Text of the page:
(1) The new rector, homo perperus et tergiversutus (an evil and distorter man), as Pope Conon's biographer in the Liber pontificalis refers to Costantino, quickly provoked conflicts with his employees and violence and disorder followed, which ultimately brought about, not long after the death of the pope, the intervention by Byzantine authorities. Constantine was arrested and sent to the Constantinople to be remitted to the tribunal of the emperor.

Cool Archive

(2) 2. SERGIO (?-701)

Birth. (No date found), Palermo. Of a family from Antioch, Syria. Son of Tiberio. It is probable that the family had gone to Sicily to escape the Arab invasion, which had conquered Antioch in 637.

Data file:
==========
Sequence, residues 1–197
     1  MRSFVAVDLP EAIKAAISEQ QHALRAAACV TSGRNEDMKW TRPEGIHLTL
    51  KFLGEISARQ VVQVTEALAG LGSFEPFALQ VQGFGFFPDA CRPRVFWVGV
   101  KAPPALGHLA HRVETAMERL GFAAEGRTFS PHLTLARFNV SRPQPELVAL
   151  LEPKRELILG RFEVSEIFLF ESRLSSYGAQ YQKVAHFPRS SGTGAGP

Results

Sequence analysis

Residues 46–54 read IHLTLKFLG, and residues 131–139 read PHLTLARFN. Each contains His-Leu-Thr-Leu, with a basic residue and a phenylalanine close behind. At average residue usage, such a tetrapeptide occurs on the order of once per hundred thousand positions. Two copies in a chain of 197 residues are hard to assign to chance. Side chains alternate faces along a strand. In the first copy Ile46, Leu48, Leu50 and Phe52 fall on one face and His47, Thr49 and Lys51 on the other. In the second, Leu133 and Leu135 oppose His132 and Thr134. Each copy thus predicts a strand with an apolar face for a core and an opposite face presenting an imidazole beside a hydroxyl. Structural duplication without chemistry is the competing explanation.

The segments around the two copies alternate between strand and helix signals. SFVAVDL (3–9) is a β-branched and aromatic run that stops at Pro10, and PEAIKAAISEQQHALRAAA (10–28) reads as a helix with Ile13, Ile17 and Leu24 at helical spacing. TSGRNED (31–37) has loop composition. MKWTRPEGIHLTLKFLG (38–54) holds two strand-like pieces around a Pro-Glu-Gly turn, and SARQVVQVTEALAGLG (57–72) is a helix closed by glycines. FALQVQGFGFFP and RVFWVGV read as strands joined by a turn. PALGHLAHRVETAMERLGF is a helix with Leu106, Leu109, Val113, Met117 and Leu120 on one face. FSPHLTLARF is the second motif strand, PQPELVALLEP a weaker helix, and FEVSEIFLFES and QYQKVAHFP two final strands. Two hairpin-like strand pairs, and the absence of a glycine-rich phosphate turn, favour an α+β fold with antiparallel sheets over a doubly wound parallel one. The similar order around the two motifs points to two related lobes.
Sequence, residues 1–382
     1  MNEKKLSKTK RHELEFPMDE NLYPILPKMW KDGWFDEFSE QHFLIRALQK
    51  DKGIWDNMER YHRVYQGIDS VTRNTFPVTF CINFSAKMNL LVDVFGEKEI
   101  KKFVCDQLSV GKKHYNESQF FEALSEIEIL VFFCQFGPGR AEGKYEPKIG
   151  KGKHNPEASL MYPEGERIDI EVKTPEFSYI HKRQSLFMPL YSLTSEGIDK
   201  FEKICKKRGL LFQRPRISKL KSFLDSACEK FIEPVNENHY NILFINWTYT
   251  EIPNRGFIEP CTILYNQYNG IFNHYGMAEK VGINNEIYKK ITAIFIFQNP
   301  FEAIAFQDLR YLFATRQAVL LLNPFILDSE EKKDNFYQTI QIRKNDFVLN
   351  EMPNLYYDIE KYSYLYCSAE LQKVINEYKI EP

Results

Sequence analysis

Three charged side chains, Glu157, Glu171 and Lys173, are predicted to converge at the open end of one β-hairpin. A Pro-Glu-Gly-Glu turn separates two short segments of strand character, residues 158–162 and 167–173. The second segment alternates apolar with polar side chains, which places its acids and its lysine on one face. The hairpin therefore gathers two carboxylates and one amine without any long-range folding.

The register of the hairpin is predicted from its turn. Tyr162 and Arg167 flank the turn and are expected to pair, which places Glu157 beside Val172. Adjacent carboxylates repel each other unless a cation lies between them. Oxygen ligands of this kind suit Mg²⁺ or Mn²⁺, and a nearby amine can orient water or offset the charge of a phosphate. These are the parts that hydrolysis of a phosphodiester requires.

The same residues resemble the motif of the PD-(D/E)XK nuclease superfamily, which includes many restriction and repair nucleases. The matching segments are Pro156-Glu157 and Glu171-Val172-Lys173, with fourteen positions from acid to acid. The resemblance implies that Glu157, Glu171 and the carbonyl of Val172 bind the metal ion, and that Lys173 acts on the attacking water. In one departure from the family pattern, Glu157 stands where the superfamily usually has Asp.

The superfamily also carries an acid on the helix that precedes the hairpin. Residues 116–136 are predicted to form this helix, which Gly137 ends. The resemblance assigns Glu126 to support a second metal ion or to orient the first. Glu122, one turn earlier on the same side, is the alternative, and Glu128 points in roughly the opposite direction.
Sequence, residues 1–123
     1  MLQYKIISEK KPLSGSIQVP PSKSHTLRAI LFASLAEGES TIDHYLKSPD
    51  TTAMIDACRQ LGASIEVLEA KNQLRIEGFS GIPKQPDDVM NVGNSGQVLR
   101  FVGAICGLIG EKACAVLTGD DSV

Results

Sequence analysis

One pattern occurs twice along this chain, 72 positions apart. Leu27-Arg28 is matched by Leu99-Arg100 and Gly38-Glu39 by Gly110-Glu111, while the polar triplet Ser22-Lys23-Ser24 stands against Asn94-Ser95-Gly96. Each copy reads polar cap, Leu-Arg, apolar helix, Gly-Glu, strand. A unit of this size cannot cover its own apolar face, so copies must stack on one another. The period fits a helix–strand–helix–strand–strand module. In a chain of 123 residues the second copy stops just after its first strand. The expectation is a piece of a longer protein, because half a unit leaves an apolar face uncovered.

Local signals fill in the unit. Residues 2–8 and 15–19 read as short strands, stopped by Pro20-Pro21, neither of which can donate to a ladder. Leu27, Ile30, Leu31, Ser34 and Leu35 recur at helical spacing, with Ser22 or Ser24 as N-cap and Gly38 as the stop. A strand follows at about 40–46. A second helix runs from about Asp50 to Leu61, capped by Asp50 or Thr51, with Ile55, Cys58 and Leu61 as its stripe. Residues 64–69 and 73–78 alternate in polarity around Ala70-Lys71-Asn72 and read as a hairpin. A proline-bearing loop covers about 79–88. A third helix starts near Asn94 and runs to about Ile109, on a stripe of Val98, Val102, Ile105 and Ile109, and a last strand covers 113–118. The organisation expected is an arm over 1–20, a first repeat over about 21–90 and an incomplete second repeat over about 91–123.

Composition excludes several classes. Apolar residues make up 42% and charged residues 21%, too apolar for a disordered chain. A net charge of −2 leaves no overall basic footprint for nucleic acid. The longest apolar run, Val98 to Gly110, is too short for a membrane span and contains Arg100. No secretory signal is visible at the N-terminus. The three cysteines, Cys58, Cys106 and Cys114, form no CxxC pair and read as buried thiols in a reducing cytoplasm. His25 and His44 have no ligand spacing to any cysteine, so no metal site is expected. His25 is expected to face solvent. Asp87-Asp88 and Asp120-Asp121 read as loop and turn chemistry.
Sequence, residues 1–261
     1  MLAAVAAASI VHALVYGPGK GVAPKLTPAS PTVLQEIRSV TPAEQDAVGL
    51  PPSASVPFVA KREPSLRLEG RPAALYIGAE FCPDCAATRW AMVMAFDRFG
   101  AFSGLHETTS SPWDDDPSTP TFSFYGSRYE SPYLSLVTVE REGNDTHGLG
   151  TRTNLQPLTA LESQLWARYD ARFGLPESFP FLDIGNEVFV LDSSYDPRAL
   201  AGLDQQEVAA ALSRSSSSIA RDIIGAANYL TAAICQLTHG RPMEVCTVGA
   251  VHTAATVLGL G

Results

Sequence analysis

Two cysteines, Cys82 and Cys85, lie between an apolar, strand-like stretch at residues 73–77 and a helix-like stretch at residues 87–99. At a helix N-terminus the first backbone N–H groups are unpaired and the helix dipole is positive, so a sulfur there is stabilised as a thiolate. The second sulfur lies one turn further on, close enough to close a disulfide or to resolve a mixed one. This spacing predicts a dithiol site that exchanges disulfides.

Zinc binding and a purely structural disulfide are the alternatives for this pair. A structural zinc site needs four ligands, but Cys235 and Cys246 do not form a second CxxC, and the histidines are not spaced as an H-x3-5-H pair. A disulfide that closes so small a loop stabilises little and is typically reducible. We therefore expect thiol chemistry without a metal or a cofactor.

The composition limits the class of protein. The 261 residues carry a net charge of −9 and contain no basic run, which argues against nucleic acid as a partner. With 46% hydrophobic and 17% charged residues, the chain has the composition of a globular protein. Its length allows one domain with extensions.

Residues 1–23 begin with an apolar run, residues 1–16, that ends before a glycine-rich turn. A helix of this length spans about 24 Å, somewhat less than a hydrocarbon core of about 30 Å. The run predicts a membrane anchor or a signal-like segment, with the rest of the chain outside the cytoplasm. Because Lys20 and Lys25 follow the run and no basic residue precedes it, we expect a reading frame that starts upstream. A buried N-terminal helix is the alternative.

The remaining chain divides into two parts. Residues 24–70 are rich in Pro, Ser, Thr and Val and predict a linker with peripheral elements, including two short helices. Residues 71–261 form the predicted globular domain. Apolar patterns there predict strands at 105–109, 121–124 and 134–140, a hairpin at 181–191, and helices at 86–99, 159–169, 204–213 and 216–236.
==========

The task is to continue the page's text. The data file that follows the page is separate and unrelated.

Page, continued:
Education. He went to Rome during the pontificate of Pope Adeodatus II and studied the Lateran schola cantorum. Ca. 680, he was ordained acolyte. He was a person of notable culture and was an accomplished singer.